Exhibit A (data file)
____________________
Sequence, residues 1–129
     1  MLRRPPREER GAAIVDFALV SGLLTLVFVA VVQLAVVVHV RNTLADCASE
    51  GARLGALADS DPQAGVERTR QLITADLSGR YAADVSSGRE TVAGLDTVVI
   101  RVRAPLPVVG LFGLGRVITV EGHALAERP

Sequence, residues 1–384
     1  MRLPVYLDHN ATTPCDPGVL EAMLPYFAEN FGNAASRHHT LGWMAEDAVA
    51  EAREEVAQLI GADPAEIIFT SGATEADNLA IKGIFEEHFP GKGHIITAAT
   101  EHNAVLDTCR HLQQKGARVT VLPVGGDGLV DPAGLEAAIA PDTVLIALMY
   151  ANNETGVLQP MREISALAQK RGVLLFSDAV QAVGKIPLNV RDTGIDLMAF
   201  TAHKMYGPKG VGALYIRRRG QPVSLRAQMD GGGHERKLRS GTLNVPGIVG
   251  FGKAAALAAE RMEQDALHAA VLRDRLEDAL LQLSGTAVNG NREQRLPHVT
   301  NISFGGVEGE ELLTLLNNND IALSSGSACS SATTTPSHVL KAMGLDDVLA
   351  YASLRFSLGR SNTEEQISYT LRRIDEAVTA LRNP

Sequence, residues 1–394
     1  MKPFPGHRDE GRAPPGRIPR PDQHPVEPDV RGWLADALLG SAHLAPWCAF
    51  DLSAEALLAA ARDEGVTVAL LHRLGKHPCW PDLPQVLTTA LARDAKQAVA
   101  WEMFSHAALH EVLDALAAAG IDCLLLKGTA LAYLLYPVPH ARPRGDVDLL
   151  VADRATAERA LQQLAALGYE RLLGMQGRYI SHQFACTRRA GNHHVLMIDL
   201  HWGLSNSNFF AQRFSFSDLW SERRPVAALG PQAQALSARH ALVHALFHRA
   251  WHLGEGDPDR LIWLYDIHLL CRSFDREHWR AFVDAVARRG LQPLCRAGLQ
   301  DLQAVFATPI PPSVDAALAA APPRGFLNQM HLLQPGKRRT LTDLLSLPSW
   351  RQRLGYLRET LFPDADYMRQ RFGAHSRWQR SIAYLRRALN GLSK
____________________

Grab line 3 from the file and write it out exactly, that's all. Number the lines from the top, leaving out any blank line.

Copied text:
    51  GARLGALADS DPQAGVERTR QLITADLSGR YAADVSSGRE TVAGLDTVVI